“They’re a tough side especially at home as we’ve learnt in the past. But despite talk that it is an intimidating venue, I found it a great place to play. They’ve very passionate supporters. I remember that it was a great place especially when we have our travelling support over there as well.
“The last time they were behind the goal, the two sets of supporters were competing against each other and there was nearly another game going on outside of the pitch.
“They’re very respectful of rugby and very knowledgeable. It should prove to be another great encounter. Even though they’ve lost a couple of games, come Saturday all that will go out the window. It will all come down to what happens on the day. I’m sure because it’s the Heineken Cup it will spur them on as well.”
There is this fearlessness now within the squad when they travel away from home, a bloody-mindedness that no venue is too intimidating. It’s a mindset that has served them well in the past when travelling to English premiership or French top 14 grounds. Welford Road, March 2003, springs to mind when Stringer played the game of his life to help overwhelm then champions, Leicester.
“That mindset comes with success,” says Stringer. “It comes when you play these top sides in the Heineken Cup. A decade ago when we were new to the competition it was daunting to go to France, or going to play these English teams in their backyard. We used to see them on TV and never got to play them that often.
“We’re used to it now; we’re used to playing these big teams week in week out. I think winning breeds confidence. We have a lot of experience in the squad now. A lot of new guys have come in this season who bring something new and bring that added confidence. It’s something you need when you meet these big away fixtures because if you don’t have it you’re going to come away with a loss.
“It’s crucial we travel there with the confidence and with the ability to mix things up if we need to and play the game we know and the game we’ve been successful with in the last couple of seasons.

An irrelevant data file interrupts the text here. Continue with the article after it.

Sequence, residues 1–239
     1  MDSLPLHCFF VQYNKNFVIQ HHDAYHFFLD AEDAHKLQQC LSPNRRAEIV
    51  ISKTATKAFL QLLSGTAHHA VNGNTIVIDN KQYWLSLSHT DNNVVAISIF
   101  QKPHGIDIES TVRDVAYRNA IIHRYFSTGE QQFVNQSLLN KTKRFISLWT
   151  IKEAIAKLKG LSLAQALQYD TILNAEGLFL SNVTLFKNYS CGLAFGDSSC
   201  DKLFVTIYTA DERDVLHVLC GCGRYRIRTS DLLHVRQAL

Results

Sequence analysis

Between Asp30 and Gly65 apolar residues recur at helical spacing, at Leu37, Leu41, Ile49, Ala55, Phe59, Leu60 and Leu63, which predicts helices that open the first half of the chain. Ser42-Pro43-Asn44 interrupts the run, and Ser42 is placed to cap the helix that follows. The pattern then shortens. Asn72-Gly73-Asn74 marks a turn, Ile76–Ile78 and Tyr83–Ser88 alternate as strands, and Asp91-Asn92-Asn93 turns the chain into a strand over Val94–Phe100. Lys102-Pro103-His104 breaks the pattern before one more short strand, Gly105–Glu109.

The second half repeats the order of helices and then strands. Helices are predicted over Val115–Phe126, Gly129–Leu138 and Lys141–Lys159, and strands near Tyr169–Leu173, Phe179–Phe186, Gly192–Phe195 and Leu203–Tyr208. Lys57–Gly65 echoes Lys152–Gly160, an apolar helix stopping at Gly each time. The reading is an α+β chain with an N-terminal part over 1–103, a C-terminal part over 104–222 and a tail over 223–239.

“The ability to change things if things aren’t going right, and have the experience out there on the pitch with the guys who can make those decisions and mix it up as needs be. It’s exciting and there are exciting guys on our team that have the ability to do that.”
THE TWO inter-provincials against Ulster and Connacht were of huge benefit to the team says Stringer, helping them rediscover their rhythm following the break for the Six Nations. For Ulster, their game looked beautifully in tune.
“Coming back after a Six Nations it’s always difficult to get into a rhythm again. There is a change of calls. Inter pro games are normally the toughest we play in a season, these guys know each other so well, you’re fighting for that top team in Ireland spot and they always prove to be the most physical games.
“It’s a period where we’re straight back into the fire, there’s no relaxation period where we’re slowly building into things, we’re straight in there and I think that’s what we needed to prepare properly for this quarter final.”
Stringer had to flit between Ireland camp and Magners League games against Edinburgh and Cardiff in February and March. There was disappointment at not starting for Ireland but, as he said already, he wasn’t one to get down over his predicament.
“I’m chomping at the bit to be honest to get on the pitch and to play a few games. It has been difficult for me but I worked hard over the Six Nations. Even though I wasn’t playing (for Ireland) it was a matter of trying to keep sharp. The challenge for me was to keep working, not to fall back but to keep my head down. Not to be disappointed but to keep working away as I’ve always done because you can lose sight of when your next game is going to be.
“I need time on the pitch now. I’m eager. Can’t wait.”
When Saturday comes and Stringer once more goes into the fire.